If you haven’t already heard of this, conscious capitalism is a thing.

For almost a decade, companies have been throwing around corporate social responsibility as a way to justify retreats and charity fundraisers while simultaneously running sweatshops in other parts of the world.

Now corporations are moving one step forward to say donating money isn’t enough, awareness about social issues is equally important and you will hear big words such as socially-responsible investing, responsible consumerism and more in the process.

Starbucks CEO Howard Schultz is the most recent big wig to jump onto this bandwagon.

Wikimedia Commons|Courtesy
Wikimedia Commons|Courtesy

Schultz has, in the past few years since his return to the coffee giant in 2008, pledged to hire 10,000 Iraq and Afghanistan war veterans and spouses, in an attempt to what he calls is “redefining the role and responsibility of a public company.”

That’s not altogether a bad thing.

Bill Gates, who founded the Bill and Melinda Gates Foundation in 2000, with his wife, has been working to reduce poverty in the world and providing healthcare. In the United States, of course, they are only concerned with increasing education opportunities and access to information technology.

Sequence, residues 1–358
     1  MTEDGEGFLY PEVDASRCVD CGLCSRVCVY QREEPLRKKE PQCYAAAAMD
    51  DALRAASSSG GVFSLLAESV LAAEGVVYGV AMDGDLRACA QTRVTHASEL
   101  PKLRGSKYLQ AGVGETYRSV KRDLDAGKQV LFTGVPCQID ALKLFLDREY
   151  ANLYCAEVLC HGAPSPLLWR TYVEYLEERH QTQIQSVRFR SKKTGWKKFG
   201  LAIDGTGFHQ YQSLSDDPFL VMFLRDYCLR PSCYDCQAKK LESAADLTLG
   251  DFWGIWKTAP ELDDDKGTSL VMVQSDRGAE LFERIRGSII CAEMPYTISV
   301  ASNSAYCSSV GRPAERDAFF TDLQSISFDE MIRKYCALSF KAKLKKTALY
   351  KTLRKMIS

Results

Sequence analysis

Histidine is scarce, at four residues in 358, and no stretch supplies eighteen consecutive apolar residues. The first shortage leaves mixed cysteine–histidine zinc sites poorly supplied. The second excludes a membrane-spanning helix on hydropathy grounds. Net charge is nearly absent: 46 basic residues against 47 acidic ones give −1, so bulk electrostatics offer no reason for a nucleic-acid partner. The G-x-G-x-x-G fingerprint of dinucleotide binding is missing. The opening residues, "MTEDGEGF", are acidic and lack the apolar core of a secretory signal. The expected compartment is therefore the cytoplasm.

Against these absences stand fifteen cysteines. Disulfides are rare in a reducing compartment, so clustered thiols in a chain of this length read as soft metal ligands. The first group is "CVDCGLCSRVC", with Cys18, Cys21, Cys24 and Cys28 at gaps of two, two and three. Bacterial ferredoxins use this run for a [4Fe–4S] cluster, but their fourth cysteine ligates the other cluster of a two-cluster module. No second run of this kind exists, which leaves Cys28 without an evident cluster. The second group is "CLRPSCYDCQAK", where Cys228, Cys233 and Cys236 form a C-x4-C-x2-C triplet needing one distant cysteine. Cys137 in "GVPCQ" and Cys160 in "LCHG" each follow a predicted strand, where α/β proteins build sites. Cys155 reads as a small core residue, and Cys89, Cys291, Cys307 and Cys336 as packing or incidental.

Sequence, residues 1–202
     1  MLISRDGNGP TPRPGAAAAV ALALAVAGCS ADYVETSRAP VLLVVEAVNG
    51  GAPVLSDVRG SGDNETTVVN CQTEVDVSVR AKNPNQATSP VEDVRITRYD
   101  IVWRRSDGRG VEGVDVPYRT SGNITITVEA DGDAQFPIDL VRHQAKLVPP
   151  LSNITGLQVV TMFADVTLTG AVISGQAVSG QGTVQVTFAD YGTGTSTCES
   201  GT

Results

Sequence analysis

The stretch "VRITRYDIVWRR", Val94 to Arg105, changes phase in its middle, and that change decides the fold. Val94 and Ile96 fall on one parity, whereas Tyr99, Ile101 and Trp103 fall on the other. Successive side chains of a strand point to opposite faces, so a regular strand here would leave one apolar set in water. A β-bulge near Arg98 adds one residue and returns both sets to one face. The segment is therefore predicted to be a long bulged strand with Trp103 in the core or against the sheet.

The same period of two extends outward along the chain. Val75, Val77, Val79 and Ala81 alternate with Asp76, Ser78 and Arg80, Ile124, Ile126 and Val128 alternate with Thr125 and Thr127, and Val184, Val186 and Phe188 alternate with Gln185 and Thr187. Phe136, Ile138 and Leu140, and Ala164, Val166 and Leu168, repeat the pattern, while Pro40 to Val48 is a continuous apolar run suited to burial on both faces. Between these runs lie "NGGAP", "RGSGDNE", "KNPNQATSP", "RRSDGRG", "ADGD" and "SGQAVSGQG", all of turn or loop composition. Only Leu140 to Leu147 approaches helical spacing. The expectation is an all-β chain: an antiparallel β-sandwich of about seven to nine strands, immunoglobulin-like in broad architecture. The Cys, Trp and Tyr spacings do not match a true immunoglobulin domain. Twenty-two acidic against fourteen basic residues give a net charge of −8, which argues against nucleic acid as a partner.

Oh, and Warren Buffet is a trustee for the foundation, just in case you didn’t know that.

Two years back, Chick-Fil-A got into a lot of trouble when people found out its CEO donated to an anti-gay rights organization. We almost tried to shut down the franchise on campus, but the waffle fries remain to serve us, no worries.

Now, Schultz wants to start talking racial awareness with his #RaceTogether, and all of a sudden people want to sit back and notice.

Then there is the little aspect of how exactly, when the business is so different from the cause, do customers help race together? And what are we racing for?

Oh, and by the way, Starbucks was charged with tax evasion in the UK last year.

And the fact that the free education Schultz promised his employees or “partners” was not quite as free.

Then again, multinationals have yet to go a long way in educating their overseas units on company principles and ethics, a perennial global business problem.

And there’s nothing wrong with #RaceTogether on my morning cup of coffee, except if writing and hashtagging were to solve everything, or even talking over macchiatos as I have at many a coffee soirée with fellow blogger Linda Nguyen, this world would be utopia. It’s not though, and for a reason.

It’s not enough to engage in dialogue.

It’s about education in the right form, about understanding human rights, their denial, empowerment, and conversations that help create middle ground compromises, not overriding opposition.

No doubt the 10, 000 veterans will have a job and #RaceTogether is a good way to start that conversation, but true change won’t come from corporate fads such as these.

Unless these corporations want to make some long-lasting change, these short-term campaigns will be nothing more than propaganda in vogue until the next fun hashtag hops in.

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